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Author Topic: [2017-06-02] Here's why regulators need to get serious about bitcoin  (Read 4373 times)
Eric Cartman
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June 02, 2017, 06:25:47 PM

As bitcoin's price skyrockets and popular demand increases, some of the world's largest wealth managers have started giving their clients the opportunity to invest in the digital asset.

Last week, Boston-based Fidelity facilitated investor access to the asset, and on Thursday, UK-based Hargreaves Lansdown followed suit.

Hargreaves Lansdown now gives clients the option to invest in an exchange traded note (ETN) that tracks the price of bitcoin. An ETN is an investment instrument typically listed on a major stock exchange that can be bought and sold similarly to a stock. As more well-known wealth firms give their clients access to bitcoin investment, interest in the asset by mainstream investors will undoubtedly rise. However, these firms also risk exposing consumers to the dangers associated with unresolved regulatory issues around bitcoin.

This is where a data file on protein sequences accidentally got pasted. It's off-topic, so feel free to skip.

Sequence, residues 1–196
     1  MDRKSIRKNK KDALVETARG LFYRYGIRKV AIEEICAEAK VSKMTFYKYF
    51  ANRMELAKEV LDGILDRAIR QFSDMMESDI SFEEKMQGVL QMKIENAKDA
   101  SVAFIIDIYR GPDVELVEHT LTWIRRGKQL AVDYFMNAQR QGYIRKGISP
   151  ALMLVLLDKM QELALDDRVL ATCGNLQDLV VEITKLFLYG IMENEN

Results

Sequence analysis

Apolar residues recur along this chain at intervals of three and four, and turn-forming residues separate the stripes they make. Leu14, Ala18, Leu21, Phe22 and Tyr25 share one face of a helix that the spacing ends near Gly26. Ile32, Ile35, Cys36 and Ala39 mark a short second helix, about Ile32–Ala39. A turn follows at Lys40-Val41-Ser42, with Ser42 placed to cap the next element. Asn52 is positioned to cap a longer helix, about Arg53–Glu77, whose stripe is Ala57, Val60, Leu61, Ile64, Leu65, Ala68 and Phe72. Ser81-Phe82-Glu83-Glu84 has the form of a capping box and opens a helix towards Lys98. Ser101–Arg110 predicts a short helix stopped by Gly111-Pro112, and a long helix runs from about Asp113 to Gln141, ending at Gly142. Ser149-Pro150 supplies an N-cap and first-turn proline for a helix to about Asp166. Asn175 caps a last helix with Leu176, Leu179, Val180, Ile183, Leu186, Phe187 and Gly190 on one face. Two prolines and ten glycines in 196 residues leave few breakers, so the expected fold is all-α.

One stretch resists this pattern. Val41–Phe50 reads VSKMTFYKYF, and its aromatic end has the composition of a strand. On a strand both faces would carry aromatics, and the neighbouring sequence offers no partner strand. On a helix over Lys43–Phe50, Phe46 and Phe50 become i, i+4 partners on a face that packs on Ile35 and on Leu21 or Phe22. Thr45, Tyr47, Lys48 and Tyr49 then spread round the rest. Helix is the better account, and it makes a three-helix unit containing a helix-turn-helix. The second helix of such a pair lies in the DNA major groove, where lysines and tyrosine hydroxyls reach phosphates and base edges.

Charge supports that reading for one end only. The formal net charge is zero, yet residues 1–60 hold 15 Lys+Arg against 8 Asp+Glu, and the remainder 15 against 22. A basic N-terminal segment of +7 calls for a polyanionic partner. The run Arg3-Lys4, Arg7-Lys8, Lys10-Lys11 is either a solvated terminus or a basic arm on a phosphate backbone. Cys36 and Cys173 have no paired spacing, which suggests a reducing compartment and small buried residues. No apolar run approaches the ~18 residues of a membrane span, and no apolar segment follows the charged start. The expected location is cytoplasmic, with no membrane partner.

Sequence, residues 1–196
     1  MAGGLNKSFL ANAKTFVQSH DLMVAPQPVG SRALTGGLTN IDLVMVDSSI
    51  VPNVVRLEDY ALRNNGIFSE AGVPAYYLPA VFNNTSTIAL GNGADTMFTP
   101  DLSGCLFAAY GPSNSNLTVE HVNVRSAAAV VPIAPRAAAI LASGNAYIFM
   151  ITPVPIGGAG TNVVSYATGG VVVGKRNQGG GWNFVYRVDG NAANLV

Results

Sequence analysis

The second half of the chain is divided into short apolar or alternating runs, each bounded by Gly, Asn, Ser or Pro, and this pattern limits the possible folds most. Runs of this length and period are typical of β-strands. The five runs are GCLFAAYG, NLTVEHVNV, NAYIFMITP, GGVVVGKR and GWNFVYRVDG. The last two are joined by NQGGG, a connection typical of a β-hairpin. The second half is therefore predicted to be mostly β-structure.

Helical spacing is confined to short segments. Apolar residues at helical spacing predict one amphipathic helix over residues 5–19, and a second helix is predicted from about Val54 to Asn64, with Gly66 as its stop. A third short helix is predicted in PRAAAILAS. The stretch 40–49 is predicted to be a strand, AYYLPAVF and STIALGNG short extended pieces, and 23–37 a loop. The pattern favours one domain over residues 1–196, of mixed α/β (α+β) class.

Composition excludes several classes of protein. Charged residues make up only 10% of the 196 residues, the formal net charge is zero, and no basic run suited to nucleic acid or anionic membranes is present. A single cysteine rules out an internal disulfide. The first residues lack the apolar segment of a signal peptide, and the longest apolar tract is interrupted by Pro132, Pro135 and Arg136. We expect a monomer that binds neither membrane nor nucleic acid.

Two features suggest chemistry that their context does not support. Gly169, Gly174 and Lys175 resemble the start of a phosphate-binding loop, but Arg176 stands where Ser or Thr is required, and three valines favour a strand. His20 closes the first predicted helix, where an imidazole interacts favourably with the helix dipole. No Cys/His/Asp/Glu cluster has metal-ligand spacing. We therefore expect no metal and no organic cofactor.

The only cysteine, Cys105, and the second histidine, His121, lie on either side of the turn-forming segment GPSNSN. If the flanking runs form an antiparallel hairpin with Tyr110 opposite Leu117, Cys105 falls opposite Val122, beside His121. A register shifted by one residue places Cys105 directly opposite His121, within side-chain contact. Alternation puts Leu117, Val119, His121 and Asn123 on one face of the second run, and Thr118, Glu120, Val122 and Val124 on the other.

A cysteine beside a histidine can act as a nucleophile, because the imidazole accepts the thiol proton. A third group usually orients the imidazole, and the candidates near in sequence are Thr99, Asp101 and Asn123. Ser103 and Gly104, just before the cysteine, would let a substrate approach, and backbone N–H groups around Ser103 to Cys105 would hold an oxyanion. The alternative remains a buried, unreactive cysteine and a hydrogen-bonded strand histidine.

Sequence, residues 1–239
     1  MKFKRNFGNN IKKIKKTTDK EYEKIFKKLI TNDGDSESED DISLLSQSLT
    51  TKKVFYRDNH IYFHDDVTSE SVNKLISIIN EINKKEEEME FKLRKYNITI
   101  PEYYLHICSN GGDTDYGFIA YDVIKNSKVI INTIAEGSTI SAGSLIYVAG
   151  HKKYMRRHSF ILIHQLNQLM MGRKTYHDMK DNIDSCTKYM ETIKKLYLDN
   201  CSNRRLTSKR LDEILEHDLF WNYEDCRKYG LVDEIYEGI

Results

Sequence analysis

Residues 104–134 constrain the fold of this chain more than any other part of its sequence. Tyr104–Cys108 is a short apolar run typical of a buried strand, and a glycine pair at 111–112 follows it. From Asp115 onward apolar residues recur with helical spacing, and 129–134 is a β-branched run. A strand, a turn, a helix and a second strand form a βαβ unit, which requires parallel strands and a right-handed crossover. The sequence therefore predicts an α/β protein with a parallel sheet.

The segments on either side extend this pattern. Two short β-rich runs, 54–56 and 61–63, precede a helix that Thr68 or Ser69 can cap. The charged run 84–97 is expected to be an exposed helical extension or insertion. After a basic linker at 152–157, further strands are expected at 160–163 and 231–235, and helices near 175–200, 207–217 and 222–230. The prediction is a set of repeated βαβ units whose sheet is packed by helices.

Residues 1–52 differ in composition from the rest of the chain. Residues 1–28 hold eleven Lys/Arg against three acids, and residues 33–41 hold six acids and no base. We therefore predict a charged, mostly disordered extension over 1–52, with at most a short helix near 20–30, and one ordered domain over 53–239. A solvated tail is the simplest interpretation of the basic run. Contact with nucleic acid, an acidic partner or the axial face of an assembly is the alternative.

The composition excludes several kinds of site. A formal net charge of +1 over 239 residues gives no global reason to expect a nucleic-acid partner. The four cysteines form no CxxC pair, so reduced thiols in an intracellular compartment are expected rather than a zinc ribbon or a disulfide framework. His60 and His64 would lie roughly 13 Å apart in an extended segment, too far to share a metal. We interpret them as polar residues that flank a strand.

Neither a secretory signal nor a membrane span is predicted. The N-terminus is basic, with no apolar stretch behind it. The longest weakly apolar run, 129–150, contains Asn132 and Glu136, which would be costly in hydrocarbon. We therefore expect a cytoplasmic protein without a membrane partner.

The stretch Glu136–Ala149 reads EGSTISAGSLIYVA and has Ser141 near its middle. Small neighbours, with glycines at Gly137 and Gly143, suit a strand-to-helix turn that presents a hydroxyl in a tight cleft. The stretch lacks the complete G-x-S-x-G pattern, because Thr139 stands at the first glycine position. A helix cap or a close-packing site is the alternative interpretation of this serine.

Bitcoin still exists in a regulatory gray zone, which makes it different from most other asset classes. Mainstream asset classes include securities such as stocks or bonds and tangible assets like art. The former typically have dedicated regulators — like the SEC in the US, while investment in the latter results in the ownership of a physical product. And in both cases, investors are clear about what they're acquiring. However, in most jurisdictions, bitcoin is legally neither a security nor a tangible asset, and therefore does not fall neatly under any regulator's mandate. At the same time, most mainstream investors don't have a clear idea of the asset's nature. This ambiguity, compounded by bitcoin's relative novelty, arguably means that bitcoin investments are a special case and should be treated as such by existing financial regulators. Otherwise, it will remain unclear which regulators are responsible for consumer protections regarding the asset, putting investor capital at risk.


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